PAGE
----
Coronavirus Job Retention Scheme – the facts
  • One in four UK employees were furloughed at some point between March 2020 and June 2021 due to the pandemic.
  • Eight per cent of people who were furloughed were no longer employed in the three months leading up to June 2021.
  • In most industries, people in corporate management, directorships or in professional occupations were less likely to be furloughed.
  • Half of furloughed employees were furloughed for more than three months and about a quarter of people were furloughed for six months or more.
  • Employees in the hospitality, construction and recreation sectors were among the most likely to be furloughed.
  • A total of around 11.6 million jobs were supported by the CJRS at various times.

But, back to the coronavirus global crisis. At the point where COVID was officially declared a notifiable disease, the FCA got involved and looked into what they could do to aid the struggling small-to-medium-sized enterprises (SMEs). They carried out a High Court test case, with the intention of bringing clarity to the situation and removing doubt as to whether business interruption policyholders should be receiving the help they needed from their insurers.

That test case involved eight major insurers and 21 samples of policies and was aimed at representing the UK’s policyholders and challenging the insurers’ interpretation of wordings on their documents. The court found in the FCA’s favour, in turn helping policyholders who didn’t have recourse to insurers’ help. That ruling affected hundreds of thousands of SMEs in the UK, with business owners now turning back to the wording of their policies.

As is to be expected on official legal documents, especially in the case of contracts and insurance policies, the wording is all-important.

Since COVID-19 was only identified in the latter stages of that year or the early part of 2020 it is unlikely to be a named notifiable disease on BI policy documents. 

There is also the “non-damage denial of access” to business premises to consider.

This covers policyholders when they are, due to something other than physical damage, denied access to their own premises. The prime example of this would be preventative measures as a result of governmental advice. 

There is also the “loss of attraction” extension to consider.

This relates to specific events having a negative impact on a business because the event has caused a significant decrease in the customers (and potential customers) visiting the SME’s premises or using their services.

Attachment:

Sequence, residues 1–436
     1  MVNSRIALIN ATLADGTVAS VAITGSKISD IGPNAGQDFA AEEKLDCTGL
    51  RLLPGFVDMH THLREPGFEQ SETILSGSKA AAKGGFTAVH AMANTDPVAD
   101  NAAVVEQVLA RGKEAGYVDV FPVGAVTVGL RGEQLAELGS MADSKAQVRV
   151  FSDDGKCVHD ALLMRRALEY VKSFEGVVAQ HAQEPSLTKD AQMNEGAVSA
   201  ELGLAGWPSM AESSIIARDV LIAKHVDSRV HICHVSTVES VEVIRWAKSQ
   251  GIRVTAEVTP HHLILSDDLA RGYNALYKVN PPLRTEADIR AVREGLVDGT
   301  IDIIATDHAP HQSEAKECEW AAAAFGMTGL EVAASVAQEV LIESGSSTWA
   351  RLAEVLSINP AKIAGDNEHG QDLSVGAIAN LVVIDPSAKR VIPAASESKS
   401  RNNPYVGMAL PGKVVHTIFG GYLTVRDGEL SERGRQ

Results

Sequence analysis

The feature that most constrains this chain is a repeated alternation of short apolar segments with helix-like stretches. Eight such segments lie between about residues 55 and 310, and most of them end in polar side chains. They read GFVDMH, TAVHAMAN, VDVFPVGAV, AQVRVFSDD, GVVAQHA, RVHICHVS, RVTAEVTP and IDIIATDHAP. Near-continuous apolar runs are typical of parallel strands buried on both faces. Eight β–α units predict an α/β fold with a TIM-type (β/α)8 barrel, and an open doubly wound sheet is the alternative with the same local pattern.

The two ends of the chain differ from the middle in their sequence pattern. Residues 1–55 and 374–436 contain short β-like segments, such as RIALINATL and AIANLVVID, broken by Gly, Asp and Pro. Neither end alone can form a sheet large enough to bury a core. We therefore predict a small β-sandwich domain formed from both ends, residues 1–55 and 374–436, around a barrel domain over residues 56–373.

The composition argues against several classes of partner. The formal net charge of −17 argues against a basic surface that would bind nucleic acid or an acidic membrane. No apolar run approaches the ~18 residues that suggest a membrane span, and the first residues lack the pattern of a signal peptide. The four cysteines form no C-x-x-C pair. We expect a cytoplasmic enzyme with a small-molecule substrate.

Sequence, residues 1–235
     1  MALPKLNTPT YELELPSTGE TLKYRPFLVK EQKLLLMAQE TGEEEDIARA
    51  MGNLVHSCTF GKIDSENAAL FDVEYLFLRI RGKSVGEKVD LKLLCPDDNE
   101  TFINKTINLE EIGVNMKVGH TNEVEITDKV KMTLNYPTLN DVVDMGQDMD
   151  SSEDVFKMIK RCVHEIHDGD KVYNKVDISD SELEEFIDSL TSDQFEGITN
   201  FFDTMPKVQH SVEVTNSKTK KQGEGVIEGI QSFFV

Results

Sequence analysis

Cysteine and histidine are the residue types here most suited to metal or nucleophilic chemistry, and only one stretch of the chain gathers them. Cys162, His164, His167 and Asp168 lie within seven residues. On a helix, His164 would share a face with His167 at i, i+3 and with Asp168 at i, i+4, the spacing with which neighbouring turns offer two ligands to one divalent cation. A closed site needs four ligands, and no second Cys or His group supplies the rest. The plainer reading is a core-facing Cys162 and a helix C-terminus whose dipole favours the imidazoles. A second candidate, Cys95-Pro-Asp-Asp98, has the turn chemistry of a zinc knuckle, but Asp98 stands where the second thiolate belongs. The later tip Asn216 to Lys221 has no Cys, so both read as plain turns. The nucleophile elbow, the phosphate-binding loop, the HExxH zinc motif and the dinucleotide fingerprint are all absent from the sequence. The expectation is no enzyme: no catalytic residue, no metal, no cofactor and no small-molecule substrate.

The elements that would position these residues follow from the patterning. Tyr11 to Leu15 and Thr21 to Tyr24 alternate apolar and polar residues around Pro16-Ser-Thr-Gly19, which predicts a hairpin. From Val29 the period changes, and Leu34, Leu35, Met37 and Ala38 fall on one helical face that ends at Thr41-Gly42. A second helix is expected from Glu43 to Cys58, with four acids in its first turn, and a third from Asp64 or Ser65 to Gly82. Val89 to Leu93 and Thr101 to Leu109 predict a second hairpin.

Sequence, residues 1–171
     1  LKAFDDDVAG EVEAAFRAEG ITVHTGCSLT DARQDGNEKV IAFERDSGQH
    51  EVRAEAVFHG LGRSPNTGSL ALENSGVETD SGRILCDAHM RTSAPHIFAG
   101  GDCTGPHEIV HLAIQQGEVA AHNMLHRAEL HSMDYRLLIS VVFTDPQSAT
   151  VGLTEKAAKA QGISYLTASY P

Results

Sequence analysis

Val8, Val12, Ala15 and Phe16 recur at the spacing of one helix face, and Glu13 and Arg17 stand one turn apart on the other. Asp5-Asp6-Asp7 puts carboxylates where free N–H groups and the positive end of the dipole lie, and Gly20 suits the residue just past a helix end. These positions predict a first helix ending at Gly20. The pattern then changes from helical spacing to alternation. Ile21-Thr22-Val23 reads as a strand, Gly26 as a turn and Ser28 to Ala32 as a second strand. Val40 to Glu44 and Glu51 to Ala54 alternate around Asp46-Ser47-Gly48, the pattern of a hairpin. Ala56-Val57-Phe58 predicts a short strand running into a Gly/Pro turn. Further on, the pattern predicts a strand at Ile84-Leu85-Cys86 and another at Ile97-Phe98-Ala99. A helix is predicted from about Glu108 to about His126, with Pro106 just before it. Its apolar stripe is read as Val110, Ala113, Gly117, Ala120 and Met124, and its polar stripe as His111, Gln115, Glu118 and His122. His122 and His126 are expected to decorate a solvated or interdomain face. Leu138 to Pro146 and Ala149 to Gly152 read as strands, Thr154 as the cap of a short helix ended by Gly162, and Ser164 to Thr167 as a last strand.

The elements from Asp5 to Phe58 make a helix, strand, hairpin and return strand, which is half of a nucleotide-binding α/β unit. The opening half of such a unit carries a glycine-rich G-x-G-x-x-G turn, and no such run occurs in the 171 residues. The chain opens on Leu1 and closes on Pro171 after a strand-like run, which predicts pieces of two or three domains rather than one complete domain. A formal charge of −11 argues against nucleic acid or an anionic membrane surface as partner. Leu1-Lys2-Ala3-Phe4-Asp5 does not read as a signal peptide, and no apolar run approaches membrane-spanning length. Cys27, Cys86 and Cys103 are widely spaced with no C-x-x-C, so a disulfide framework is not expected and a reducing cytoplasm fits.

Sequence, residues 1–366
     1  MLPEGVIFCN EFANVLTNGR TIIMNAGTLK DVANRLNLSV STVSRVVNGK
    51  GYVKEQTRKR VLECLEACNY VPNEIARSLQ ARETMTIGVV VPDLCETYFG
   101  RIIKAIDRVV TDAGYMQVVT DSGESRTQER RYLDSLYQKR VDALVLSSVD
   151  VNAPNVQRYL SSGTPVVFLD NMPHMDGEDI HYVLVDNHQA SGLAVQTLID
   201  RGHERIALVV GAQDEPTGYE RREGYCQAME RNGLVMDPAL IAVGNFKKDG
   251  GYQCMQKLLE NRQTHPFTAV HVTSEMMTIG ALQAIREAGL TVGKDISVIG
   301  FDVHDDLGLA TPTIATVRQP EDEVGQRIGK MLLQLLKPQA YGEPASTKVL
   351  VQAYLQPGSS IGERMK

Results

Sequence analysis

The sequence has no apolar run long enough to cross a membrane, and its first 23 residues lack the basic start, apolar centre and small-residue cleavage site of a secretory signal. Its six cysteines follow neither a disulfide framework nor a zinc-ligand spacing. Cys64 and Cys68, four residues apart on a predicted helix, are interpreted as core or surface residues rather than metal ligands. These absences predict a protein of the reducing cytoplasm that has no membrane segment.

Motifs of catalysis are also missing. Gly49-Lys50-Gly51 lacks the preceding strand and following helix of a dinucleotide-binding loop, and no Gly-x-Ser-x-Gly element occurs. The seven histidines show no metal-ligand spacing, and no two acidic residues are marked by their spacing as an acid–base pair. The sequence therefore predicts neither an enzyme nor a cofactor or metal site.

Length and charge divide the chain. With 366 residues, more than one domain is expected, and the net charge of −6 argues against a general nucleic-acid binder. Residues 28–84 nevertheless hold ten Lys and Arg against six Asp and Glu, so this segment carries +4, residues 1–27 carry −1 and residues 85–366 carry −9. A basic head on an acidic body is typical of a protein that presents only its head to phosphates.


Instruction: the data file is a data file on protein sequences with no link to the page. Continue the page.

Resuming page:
A large degree of uncertainty surrounded business interruption insurance and customers’ position in the wake of the devastating impact of COVID-19. And so the FCA sought to, in a statement published in May 2020, “seek legal clarity on business interruption insurance to resolve doubt for businesses who are facing uncertainty on their claims.”

WELCOME RETURN: Businesses were raring to go once again after lockdowns decimated trade

But, a series of larger, more complex claims on issues not resolved by the test case is on the way. 

The court system – backlogged as it is – is in the process of hearing numerous cases that relate to COVID-19 and business interruption insurance. 

There are a number of issues still to be resolved, including claiming for the closure – temporary or permanent – of multiple premises. One national chain of pubs and restaurants maintains that their insurers owe them hundreds of millions, a far cry from the company’s claim that the payable total is less than £18million, the vast majority of which has been issued already.

For many SMEs that have survived the worst of times, business interruption insurance was an essential lifeline. But a significant number of companies (of all sizes and in every sector) that relied upon their business interruption to help them recover from devastating losses are, in many cases, facing steadfast resistance from their insurance companies.

If your insurer is refusing to pay out and you feel their stance is unfair, you need to take legal action. Barings Law’s experts can go through your insurance documents and uncover the details that clearly evidence that you are entitled to a payment under their terms.

If you have any doubts, just give us a call on 0161 200 9960 for a free, no-obligation chat and see what we can do to help your business. Our no-win no-fee guarantee means you cannot lose out by making a claim.